In 2005, the Uzbestikan pianist Eldar Nebolsin (b. 1974) won the Richter Prize in the International Piano Competition, Moscow. Nebolsin is a young virtuoso pianist with an extraordinary technique which has already been compared to Richter's. Nebolsin has recorded a number of acclaimed CDs for Naxos, including Chopin's piano concertos.
I needed to hear this CD of Schubert piano music because it includes Nebolsin's reading of the sonata in A major, D. 664, op. 120, a work I have been studying and playing. Schubert wrote this sonata in 1819, as a young man of 22, but it was published only after his death. This sonata is not a virtuoso piece. Rather it is quiet, lyrical, with an ambiguity between lightness and introspection that characterizes much of Schubert's music. My efforts with this music made me appreciate Nebolsin's reading. He brings out the long, lyrical character of the main theme in the opening movement. I learned from listening to how he subdues the accompaniment figure in the left hand to the melody and how he avoids overpedalling. For a pianist of Nebolsin's gifts, these are small matters, perhaps, but they helped inspire me in my continued work with the piece. Nebolsin plays plays the second movement in a quiet, subdued manner which turns radiant for a moment as Schubert moves from minor to major key before turning back again. The light, rapid finale is full of turns and variety. Nebolsin emphasizes the skipping little waltz which appears as a secondary theme -- giving this movement a quality that Beethoven, say, would never have attempted in a serious sonata. Nebolsin also gives full character to the many arpeggios and big chords that punctuate this joyful finale. This is a wonderful recording of what remains Schubert's most frequently played and accessible piano sonata.
Unlike the A major sonata, Schubert's Wanderer Fantasy, D. 760, is a virtuoso work indeed. It is a stunning piece, among the most demanding in the piano literature, which amateur pianists such as myself can approach only in dreams. Richter's performance of this work remains famous, but Nebolsin gives a grand, storming performance of the Wanderer which brings forth both technique and musicianship. The work includes big powerful chords, long, lacy and demanding runs, especially in the slow second movement, and passages of sheer bravura. Beyond its technical demands, the Wanderer is metaphysical, heaven-storming, inspiring music that reminds me of what the human spirit, more than technique, can do. Composed in 1822, Schubert based the work on his song, "The Wanderer". It has four interrelated movements, including a big chordal opening, a slow variation movement with endless filigree and a singing theme, a large scherzo with contrasing powerful and lyrical themes and a fugual finale. Although my main interest was in the A major sonata, Nebolsin's reading of this clangorous, ambitious Wander Fantasy is the highlight of this CD.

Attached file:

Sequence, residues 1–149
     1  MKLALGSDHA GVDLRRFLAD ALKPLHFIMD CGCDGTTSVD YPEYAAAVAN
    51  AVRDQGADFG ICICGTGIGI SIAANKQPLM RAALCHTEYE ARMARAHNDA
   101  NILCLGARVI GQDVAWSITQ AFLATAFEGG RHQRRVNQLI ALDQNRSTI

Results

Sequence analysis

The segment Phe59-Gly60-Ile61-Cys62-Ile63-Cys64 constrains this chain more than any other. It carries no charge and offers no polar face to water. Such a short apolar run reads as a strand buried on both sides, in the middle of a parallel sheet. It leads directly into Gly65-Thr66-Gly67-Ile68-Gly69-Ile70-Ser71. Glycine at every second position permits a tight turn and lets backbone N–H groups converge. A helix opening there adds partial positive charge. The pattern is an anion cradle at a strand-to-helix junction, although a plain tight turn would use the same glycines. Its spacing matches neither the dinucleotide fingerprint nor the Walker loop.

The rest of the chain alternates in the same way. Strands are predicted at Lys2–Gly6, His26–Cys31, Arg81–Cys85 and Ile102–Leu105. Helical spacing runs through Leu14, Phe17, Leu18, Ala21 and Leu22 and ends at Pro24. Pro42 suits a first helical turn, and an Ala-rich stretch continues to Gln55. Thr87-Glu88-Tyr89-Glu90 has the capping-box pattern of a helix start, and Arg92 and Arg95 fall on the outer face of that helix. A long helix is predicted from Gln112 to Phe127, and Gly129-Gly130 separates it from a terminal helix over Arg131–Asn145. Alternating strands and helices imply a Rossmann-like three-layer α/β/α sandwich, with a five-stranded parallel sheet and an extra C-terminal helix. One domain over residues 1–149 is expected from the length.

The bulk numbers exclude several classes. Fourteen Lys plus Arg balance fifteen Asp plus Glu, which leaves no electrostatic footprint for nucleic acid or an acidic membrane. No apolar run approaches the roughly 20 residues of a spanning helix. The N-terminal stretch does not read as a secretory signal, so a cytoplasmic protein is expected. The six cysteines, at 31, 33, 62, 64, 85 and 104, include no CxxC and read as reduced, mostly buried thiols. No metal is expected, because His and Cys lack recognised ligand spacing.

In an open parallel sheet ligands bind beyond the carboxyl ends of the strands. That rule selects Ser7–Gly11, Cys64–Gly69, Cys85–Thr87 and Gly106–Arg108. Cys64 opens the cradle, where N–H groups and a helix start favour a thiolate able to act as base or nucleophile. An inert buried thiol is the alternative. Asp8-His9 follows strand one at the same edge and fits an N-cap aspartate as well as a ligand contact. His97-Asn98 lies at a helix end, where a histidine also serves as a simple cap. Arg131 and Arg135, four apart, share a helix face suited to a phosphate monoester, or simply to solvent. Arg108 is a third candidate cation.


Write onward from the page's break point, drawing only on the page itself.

The final work on the CD is an early Schubert sonata, the sonata in a minor, D.537, composed in 1817. The best-known part of this early work is the second movement, allegretto quasi andantino, because Schubert used its primary theme in the finale of his posthumous A major piano sonata, D. 959. It is good to hear how Schubert developed as a composer in the use he made of this theme between this early light work of 1817 and the masterpiece of 1828. In this 1817 sonata the theme has a tripping, almost music box character as it appears in small sections in contrast to other musical material. Nebolsin plays it with a light, delicate touch. In contrast, Nebolsin offers a stormy reading to the opening allegro ma non troppo which opens with strong syncompated chords and to the whirlwind, allegro vivace finale. Nebolsin makes a convincing case for the musical value of this early effort.
The CD was recorded in October, 2009 at Wyastone Concert Hall, Monmouth, UK. The sound is large and spacious. I am looking forward to further recordings of Schubert and other music by this gifted young pianist, Eldar Nebolsin.
Total Time: 62:15